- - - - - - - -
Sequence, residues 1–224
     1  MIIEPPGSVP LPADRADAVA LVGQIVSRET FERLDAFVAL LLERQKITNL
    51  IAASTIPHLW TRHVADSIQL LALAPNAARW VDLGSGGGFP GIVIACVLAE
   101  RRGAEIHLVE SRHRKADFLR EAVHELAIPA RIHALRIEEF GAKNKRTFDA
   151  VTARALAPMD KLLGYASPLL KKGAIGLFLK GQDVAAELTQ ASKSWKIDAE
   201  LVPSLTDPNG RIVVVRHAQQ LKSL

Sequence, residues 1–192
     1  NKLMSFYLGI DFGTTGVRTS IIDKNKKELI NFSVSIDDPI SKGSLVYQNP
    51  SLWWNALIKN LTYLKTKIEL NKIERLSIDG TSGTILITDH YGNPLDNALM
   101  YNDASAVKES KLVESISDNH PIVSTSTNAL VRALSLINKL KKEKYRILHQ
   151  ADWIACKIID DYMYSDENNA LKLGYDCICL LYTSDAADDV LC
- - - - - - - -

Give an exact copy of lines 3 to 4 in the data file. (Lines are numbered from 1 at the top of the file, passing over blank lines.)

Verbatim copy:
    51  IAASTIPHLW TRHVADSIQL LALAPNAARW VDLGSGGGFP GIVIACVLAE
   101  RRGAEIHLVE SRHRKADFLR EAVHELAIPA RIHALRIEEF GAKNKRTFDA